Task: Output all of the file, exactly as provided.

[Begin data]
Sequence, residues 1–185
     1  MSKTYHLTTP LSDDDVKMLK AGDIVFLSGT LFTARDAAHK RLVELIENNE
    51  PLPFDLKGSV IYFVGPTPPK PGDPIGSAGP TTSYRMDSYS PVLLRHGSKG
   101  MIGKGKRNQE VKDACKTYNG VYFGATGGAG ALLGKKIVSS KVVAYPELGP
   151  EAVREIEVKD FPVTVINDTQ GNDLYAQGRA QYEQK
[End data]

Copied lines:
Sequence, residues 1–185
     1  MSKTYHLTTP LSDDDVKMLK AGDIVFLSGT LFTARDAAHK RLVELIENNE
    51  PLPFDLKGSV IYFVGPTPPK PGDPIGSAGP TTSYRMDSYS PVLLRHGSKG
   101  MIGKGKRNQE VKDACKTYNG VYFGATGGAG ALLGKKIVSS KVVAYPELGP
   151  EAVREIEVKD FPVTVINDTQ GNDLYAQGRA QYEQK